On Friday I set this puzzle…..

I am a member of a club in which every member either always lies or always tells the truth. Yesterday I had a telephone call from a member who always tells the truth and he said ‘Some members have just had dinner around a circular table, and each member said ‘I declare that the man on my left is a liar’”. Ten minutes later I received another telephone call from another member called John, and he said “I was at the dinner and there were 11 of us there”. Ten minutes after that I received yet another telephone call from a member called Tim, and he said “I was at the dinner and there were 8 of us there”. Either John or Tim was lying. But who was the liar?

If you have not tried to solve it, have a go now. For everyone else, the answer is after the break.

Well, the first assumption has to be that I am telling the truth. If that is not the case, then all bets are off and there is no answer. However, assuming this is the case, there must have been

(1) a mixture of liars and truth tellers around the table and

(2) an even number of people around the table.

(3) they alternate liar – truth teller around the table

Otherwise, everyone would not be able to say the sentence ‘I declare that the man on my left is a liar’.

So, John must be the liar. Did you solve it? Any other solutions?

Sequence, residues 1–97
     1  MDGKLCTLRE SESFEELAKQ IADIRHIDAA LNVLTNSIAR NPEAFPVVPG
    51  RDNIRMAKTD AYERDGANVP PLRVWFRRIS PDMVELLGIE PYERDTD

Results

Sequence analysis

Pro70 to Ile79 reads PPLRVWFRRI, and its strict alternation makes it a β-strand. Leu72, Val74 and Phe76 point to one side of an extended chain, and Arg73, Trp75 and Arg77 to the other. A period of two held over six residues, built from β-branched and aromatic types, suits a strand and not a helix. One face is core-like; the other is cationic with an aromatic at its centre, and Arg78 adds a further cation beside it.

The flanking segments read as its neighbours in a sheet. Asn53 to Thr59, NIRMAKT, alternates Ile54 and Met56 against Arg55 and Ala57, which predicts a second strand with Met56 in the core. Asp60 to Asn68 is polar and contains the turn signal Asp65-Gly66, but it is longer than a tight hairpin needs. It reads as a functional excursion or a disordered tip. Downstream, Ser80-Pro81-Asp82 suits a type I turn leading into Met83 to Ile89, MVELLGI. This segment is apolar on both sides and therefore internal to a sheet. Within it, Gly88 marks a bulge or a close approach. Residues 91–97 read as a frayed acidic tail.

I have produced an ebook containing 101 of the previous Friday Puzzles! It is called **PUZZLED** and is available for the** Kindle** (UK here and USA here) and on the **iBookstore** (UK here in the USA here). You can try 101 of the puzzles for free here.

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Yep, that’s the solution I got straight away.

Ditto. I compared 3 people and 4 people to see which would complete the circle – 4 worked, hence all even numbers work. Answer can’t be 11 so must be 8 people.

I prefer puzzles for which the solutions are not based on assumptions.

That’s puzzling, Eddie. I’d assumed that they were the kind that you liked.

Sigh. The only assumption was that it was an actual puzzle. Hardly a stretch of the imagination for those of us with more than a handful of brain cells.

Yes. Not much else to say really.

Yes, got it.

Got it

Yes solved it!

Actually You couldnt be a liar. Think about it, if you were an “always liar” and was member of a club, you could never actually say “I am a member of this club..”, that would entail telling the truth. The only solution is that you are a member and telling the truth, or a liar in your spare time, but if so, you dont have to be either/or liar/truthteller, since you dont have to qualify for the club.

I always tell the truth, am a member of the club, It really does exist.and there are an infinite number of members.